My child was diagnosed with arthritis. I always thought it was a disease for the old…
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Well, children do get arthritis, but on its own it is not a diagnosis. If I tell you that your blood levels are low, I should be able to tell you why, like when the bone marrow is not working properly. It is the same with arthritis in children, it is a symptom of a disease, and the spectrum is vast. It could be a sign of cancer or HIV for example. It is our task as rheumatologists to find out what the underlying disease is.
How can one differentiate arthritis from other joint issues?
It may present with an actual manifestation of a problem in the joint. The child might have a swollen joint like a knee. The child may also be in pain, and they would not be moving the painful joint, holding it in one position. If you compare the affected joint with its opposite, it will be warm to touch. The good thing with children is that they are agile and adaptable; they will find other ways of using their joints. If a child was crawling properly and they develop wrist pain, you might find that they will start crawling with their elbows instead. Sometimes they will present with only fever, and if other diseases like HIV and TB are negative, you suspect arthritis. Other signs may be a skin rash like in lupus that does not respond to conventional treatments.
How common is it among children?
For every 1,000 children it is estimated that one to three have arthritis. In Kenya, if you estimate that the population of children is half that of adults and is 24 million, 720 to 960,000 children have the potential of getting arthritis.
Is it a hereditary disease?
Genetic risk alone is not enough to express a symptom, but within it is interplay of the environment and therefore one can present with arthritis.
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What causes it?
Infections, cancer and other rare diseases may present with arthritis. If you have ruled out all these and other causes, then it is what we call Juvenile Idiopathic Arthritis, juvenile for children and idiopathic meaning the cause is unknown.
What we fear the most like the plague is infections and cancers because the treatment we use involves immunosuppressants. In this case, infections and cancers will kill the children faster. Other causes could be Down’s Syndrome, metabolic storage disorders because certain molecules will be stored in the joints, sickle-cell disease or haemophilia.
How common is it?
In my practice, I see five to 10 cases in a week, mainly referred to the clinics or consultations from colleagues whose patients are unable to go to hospital due to the curfews and lockdowns.
When diagnosed early, we notice that the affected joints grow faster. You might find a child with a longer leg or arm but with treatment, this normalises. If diagnosed late, when the growth plates have closed, you might find a child with shortening of a limb and may need adaptive devices like shoe lifts. We work very closely with physiotherapists, occupational therapists and counselors to help the children and parents.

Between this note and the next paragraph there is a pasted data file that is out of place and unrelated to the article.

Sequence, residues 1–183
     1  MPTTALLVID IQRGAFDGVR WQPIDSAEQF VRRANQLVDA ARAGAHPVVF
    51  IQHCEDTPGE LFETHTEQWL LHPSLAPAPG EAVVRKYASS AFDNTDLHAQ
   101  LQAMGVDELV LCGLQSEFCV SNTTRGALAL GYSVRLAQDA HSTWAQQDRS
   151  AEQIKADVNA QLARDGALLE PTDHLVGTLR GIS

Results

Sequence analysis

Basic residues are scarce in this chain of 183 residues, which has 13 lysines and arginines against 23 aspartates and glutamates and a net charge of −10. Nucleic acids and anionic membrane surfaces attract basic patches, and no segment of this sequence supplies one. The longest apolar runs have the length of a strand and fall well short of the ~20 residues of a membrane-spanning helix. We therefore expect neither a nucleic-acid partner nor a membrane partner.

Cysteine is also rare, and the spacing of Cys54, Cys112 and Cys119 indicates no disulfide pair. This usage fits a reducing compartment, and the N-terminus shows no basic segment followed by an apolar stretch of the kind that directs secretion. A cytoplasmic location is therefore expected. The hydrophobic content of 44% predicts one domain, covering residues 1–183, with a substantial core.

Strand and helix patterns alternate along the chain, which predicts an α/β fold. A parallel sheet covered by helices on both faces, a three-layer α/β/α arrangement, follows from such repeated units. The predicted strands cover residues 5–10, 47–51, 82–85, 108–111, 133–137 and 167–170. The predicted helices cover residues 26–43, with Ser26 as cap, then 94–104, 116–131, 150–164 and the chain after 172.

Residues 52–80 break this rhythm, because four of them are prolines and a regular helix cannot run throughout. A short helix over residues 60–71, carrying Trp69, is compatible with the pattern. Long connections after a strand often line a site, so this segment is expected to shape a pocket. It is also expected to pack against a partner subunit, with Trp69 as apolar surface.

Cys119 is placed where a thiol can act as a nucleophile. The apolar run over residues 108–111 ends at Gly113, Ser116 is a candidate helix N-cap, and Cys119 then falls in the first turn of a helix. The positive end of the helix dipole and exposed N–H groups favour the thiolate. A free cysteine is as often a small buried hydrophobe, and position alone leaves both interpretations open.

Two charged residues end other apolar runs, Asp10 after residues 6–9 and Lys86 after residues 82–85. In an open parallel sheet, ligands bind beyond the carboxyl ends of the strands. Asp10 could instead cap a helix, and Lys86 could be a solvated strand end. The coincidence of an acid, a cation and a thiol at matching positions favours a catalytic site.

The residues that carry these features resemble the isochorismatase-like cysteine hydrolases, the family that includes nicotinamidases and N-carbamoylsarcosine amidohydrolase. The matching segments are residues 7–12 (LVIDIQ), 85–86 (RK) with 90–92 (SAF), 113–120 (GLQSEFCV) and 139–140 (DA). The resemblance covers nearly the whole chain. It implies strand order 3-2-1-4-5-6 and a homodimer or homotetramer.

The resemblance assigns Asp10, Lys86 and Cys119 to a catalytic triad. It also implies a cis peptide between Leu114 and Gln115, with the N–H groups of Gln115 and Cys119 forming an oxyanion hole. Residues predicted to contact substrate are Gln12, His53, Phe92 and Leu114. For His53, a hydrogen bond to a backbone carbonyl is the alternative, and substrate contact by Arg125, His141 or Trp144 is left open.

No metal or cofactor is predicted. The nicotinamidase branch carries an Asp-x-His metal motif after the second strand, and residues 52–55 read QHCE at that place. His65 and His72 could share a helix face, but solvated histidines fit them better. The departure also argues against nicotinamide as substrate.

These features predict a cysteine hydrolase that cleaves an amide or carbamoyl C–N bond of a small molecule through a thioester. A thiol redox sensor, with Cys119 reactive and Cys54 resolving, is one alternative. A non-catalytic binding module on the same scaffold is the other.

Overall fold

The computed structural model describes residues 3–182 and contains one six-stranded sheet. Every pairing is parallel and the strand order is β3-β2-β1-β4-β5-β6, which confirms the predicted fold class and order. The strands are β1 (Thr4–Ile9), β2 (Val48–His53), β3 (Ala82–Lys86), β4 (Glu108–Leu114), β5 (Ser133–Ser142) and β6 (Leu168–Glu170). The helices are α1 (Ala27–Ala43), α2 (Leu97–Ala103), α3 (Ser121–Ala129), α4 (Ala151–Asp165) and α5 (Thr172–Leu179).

In adults, there are things that would worsen or ease the pain, is it the same in children?
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Stress among children worsens the pain. It could be conflicts in school or at home, which are now becoming prevalent. Families have broken up because of these diagnoses, one because they don’t believe in the existence of this disease in children or they have their own socio-cultural beliefs on the same. Undue pressure on children also is not good, like a push for certain academic grades, or excellence is a sport. Things that ease the symptoms are ice packs, aromatherapy like lavender oil on a child’s pillow or certain foods that reduce the need for painkillers.
Would a child with arthritis be required to take medicines for the rest of their lives?
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Treatment takes at least two years, and a close follow up thereafter. One-third of the children on treatment are on what we call monophasic course, where they can be weaned off the medication and they do well. Another one third will be on a relapsing course, and will get flares when medicines are reduced. In the last one-third of children, there will be no good control of the disease.
Besides arthritis in children, what else does a paediatric rheumatologist treat?
Vasculitides, which causes inflammation in blood vessels, myopathies which are inflammation of muscles, lupus which causes very aggressive disease in our children and auto-inflammatory diseases whose classic feature is a persistent fever that does not respond to anything.
What would make work easier for you?
I would like policymakers to remember the burden of these diseases on children because of the risk of being disabled and using wheelchairs and most importantly living in pain for most of their lives.
1,500 to 2,500 rheumatologists are needed to bridge the gap in care, but at the moment, clinical officers and medical officers should be empowered to identify children early if only to minimise the disability. These children should also have access to medicines, just like with communicable diseases like malaria and pneumonia.
As told to Dr Mercy Korir
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